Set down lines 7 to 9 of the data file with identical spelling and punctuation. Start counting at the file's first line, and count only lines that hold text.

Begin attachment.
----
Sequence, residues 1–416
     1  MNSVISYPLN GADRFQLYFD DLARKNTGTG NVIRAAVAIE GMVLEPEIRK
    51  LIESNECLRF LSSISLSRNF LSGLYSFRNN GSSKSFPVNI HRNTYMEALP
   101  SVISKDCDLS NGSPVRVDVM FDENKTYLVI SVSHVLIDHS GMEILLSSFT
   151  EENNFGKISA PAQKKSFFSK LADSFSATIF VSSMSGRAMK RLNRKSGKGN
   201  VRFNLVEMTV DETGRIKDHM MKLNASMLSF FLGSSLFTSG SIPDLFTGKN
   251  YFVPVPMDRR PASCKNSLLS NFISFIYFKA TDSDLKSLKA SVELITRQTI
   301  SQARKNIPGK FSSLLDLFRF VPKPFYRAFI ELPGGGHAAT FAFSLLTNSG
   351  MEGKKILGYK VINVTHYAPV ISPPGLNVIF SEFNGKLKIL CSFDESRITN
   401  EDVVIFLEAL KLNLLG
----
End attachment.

   251  YFVPVPMDRR PASCKNSLLS NFISFIYFKA TDSDLKSLKA SVELITRQTI
   301  SQARKNIPGK FSSLLDLFRF VPKPFYRAFI ELPGGGHAAT FAFSLLTNSG
   351  MEGKKILGYK VINVTHYAPV ISPPGLNVIF SEFNGKLKIL CSFDESRITN